It is definitely worth mentioning here that when you first get an IUD inserted, the doctor might ask you to make sure you're on your period during the insertion.
When I was a very self-conscious 19-year-old I thought this was unjust, but it is so the physician knows you're not pregnant. In fact, they will probably make you take a pregnancy test.
It is also because your cervix opens up a little bit while you're on your period so insertion is easier.
Vancaillie asked if I was ready and then pushed the Mirena "inserter" into my vagina, through to the opening of my cervix and into the uterus.
"I need you to give me a big cough," he said.
As I coughed the device was released into my uterus and he pulled out the "inserter".
The pain feels like an incredibly intense period cramp, but further up in your uterus, where it pierces for a good 30 seconds.
"You basically cough it into place yourself when the muscles contract," he said.
The height of the pain was in that moment, however, a less severe cramp began to spread from my uterus through to my back and, eventually, down to the top of my thighs.
Vancaillie trimmed the removal strings and left with a comforting pat on my arm.
The nurse then conducted an internal examination via a vaginal ultrasound to check the Mirena was in the right place because at that point all I wanted was another device in my front bottom.
I could see the tiny Mirena sitting in my uterus on the screen.
She gave me a pad and said I was free to go.
I stood up to leave and as I walked towards the door my peripheral vision darkened and my knees went weak. Sweat beads formed on my forehead and I suddenly felt lightheaded.
"Whoa, can I lie down for a bit?" I muttered as I stumbled back to the bed.
The nurse covered me with a blanket and I tried to keep my eyes open but I was overcome with exhaustion.
Vancaillie returned and placed an ice pack on my forehead.
He said I had been hit with a "vasovagal response" which meant my vagus nerves – those responsible for controlling heartbeat, breathing and blood pressure – had been overstimulated and caused a sudden drop in blood pressure.
It sounds like it is something gynaecological but actually, anyone can have this response at the sight of blood or during an overwhelming emotional event.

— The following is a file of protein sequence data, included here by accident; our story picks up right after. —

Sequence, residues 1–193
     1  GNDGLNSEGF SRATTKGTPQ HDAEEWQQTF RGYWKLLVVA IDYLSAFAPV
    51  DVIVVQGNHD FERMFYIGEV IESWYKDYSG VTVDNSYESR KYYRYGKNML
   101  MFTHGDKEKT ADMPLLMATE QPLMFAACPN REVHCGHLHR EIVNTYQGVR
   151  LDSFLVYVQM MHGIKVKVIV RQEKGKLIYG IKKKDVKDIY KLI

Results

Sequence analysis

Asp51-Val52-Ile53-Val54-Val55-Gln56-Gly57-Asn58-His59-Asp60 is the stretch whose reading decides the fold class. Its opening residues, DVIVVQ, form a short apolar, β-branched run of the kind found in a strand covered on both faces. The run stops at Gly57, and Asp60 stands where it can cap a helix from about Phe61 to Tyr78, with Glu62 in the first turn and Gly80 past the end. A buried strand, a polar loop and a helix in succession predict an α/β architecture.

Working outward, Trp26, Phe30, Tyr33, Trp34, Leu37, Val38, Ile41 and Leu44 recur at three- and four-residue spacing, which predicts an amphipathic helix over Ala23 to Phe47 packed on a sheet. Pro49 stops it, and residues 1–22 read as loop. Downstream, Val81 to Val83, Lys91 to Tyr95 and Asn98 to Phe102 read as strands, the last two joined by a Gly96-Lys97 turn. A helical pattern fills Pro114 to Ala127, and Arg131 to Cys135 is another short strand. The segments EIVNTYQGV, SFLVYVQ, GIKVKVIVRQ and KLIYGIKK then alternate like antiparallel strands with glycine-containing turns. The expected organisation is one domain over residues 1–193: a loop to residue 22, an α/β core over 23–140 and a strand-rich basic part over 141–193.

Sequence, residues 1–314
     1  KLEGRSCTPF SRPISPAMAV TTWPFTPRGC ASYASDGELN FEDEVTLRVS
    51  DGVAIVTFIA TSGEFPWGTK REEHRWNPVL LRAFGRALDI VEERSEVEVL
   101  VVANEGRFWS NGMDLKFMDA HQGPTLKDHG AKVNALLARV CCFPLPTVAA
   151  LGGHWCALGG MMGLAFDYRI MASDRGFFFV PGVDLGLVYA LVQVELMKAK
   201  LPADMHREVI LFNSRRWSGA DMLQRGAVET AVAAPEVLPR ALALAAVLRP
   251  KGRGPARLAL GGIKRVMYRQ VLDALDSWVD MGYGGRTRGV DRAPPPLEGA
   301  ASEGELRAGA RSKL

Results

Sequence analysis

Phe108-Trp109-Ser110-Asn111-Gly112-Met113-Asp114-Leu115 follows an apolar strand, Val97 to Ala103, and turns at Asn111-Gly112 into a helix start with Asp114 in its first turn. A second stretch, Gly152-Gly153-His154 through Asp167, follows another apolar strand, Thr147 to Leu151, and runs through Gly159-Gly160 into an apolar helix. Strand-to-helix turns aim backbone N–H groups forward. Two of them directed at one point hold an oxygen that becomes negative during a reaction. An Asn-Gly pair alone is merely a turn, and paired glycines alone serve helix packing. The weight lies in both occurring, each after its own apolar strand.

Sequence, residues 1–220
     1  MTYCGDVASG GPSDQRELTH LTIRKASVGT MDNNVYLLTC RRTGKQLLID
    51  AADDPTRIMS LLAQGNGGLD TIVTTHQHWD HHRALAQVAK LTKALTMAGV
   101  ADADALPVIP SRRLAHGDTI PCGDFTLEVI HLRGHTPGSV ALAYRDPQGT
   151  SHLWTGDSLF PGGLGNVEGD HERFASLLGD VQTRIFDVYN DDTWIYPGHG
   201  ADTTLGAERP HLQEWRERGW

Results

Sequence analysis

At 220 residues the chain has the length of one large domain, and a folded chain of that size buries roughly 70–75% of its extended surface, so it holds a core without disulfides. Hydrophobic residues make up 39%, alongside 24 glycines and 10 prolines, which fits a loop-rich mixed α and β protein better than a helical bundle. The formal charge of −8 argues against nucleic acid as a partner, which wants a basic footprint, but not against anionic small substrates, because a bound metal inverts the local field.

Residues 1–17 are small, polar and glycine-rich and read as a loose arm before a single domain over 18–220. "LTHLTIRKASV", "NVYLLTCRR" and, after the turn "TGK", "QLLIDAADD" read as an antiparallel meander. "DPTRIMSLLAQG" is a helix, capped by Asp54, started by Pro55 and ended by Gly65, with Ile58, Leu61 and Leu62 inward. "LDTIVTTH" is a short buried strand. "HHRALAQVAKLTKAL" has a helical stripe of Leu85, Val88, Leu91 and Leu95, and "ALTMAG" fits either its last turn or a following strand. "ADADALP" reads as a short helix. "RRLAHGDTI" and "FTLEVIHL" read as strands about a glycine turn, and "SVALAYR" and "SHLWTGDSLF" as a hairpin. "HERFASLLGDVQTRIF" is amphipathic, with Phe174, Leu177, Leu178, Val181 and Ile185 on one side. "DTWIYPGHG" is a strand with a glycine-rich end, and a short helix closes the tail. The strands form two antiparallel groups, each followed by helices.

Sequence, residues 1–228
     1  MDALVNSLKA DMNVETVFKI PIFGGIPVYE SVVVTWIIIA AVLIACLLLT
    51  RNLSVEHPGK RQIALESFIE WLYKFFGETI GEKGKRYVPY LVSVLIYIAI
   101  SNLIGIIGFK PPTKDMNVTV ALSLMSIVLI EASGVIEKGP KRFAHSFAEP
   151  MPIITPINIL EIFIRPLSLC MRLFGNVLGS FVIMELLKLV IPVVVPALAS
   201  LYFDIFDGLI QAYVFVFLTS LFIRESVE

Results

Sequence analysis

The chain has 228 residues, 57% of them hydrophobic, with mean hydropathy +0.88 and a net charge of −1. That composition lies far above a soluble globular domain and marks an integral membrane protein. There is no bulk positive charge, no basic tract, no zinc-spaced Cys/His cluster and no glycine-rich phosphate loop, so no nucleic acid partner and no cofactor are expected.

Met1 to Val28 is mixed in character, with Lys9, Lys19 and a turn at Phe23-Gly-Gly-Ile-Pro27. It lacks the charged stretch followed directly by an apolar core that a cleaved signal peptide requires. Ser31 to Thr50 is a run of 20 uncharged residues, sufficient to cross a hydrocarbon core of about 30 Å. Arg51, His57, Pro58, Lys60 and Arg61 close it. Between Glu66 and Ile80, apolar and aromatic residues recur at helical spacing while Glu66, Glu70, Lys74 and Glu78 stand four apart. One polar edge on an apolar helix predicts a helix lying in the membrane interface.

"Probably between about 2% and 5% of people have a vasovagal response and it makes you feel weak and woozy, and some women even completely pass out, but it just means you have to wait a little bit until it is over," Vancaillie said.
Within 15 minutes my energy had returned. I paid for the insertion, which cost $330; the Medicare reimbursement was $109.
So all up, including the cost of the device, if I have this IUD for five years it'll work out at roughly $4.30 per month for contraception, or $2.15 as I split the bill with my partner.
The rest of the night was painful but bearable. The heat pack, pain killers, corn chips and ice cream all helped and I woke the next day feeling fine.
Vancaillie said a quarter of his patients who had an IUD fitted went under a general anaesthetic which really bumped up the cost.
But "almost all" women who went to a family planning clinic or GP had an IUD inserted without even a local anaesthetic, Family Planning NSW medical director Dr Deborah Bateson told BuzzFeed News.
Family Planning clinics charge around $80 for the insertion, $12 for the numbing cream and extra for a local anaesthetic.
Bateson said hormonal IUDs were among the most effective forms of contraception – apart from not having sex – but that Australia was lagging behind the rest of the world.
"[In] northern Europe, and even the US, [they] have LARC uptake rates between 15% and 25%, and we're just at 10% here, but we're catching up," Bateson said.
Other research has shown that 23% of French women using contraception use an IUD as well as 27% of Norwegian women and 41% of women in China.
Bateson said every person needed to find the right contraceptive for them, but that it was important to dispel myths about LARCs so everyone could make an informed choice.
"Women who haven't had children can still have an IUD – it is just easier for a woman who has had a child because the cervix expands during pregnancy and childbirth," she said.
"Some women are concerned about their partners being able to feel the strings during sex, but if that is a concern we can always cut the strings a little shorter."
Vancaillie said that 30% of his patients who have a hormonal IUD inserted have it removed within the first couple of months as they don't like the initial blood spotting.
"It is generally [able to be used by] everyone, but I guess if I have a young patient who hasn't had kids I will do an ultrasound and measure the uterus to check it will go in fine."
He said a good place to start a conversation about contraception was at the GP.